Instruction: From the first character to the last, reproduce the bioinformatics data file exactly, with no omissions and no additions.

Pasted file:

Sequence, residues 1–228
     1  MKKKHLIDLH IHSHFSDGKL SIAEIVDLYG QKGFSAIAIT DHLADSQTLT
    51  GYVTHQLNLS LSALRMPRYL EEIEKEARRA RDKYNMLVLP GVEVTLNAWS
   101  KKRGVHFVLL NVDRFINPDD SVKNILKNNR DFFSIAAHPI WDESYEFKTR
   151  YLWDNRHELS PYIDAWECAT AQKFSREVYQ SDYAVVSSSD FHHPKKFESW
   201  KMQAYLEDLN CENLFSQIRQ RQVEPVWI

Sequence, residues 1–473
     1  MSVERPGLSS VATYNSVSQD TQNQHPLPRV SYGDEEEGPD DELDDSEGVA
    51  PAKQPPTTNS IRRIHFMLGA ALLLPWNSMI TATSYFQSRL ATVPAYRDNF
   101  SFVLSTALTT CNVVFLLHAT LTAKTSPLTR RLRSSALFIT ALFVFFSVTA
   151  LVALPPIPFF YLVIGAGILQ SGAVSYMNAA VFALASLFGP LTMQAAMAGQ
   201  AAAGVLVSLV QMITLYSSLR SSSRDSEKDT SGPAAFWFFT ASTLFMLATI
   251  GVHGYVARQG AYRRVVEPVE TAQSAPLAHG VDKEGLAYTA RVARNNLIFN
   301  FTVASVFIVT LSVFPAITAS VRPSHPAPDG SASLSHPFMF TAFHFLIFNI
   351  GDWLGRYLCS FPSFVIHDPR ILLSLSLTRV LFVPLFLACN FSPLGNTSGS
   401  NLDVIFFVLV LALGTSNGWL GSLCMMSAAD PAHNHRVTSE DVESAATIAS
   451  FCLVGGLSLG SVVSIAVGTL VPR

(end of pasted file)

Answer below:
Sequence, residues 1–228
     1  MKKKHLIDLH IHSHFSDGKL SIAEIVDLYG QKGFSAIAIT DHLADSQTLT
    51  GYVTHQLNLS LSALRMPRYL EEIEKEARRA RDKYNMLVLP GVEVTLNAWS
   101  KKRGVHFVLL NVDRFINPDD SVKNILKNNR DFFSIAAHPI WDESYEFKTR
   151  YLWDNRHELS PYIDAWECAT AQKFSREVYQ SDYAVVSSSD FHHPKKFESW
   201  KMQAYLEDLN CENLFSQIRQ RQVEPVWI

Sequence, residues 1–473
     1  MSVERPGLSS VATYNSVSQD TQNQHPLPRV SYGDEEEGPD DELDDSEGVA
    51  PAKQPPTTNS IRRIHFMLGA ALLLPWNSMI TATSYFQSRL ATVPAYRDNF
   101  SFVLSTALTT CNVVFLLHAT LTAKTSPLTR RLRSSALFIT ALFVFFSVTA
   151  LVALPPIPFF YLVIGAGILQ SGAVSYMNAA VFALASLFGP LTMQAAMAGQ
   201  AAAGVLVSLV QMITLYSSLR SSSRDSEKDT SGPAAFWFFT ASTLFMLATI
   251  GVHGYVARQG AYRRVVEPVE TAQSAPLAHG VDKEGLAYTA RVARNNLIFN
   301  FTVASVFIVT LSVFPAITAS VRPSHPAPDG SASLSHPFMF TAFHFLIFNI
   351  GDWLGRYLCS FPSFVIHDPR ILLSLSLTRV LFVPLFLACN FSPLGNTSGS
   401  NLDVIFFVLV LALGTSNGWL GSLCMMSAAD PAHNHRVTSE DVESAATIAS
   451  FCLVGGLSLG SVVSIAVGTL VPR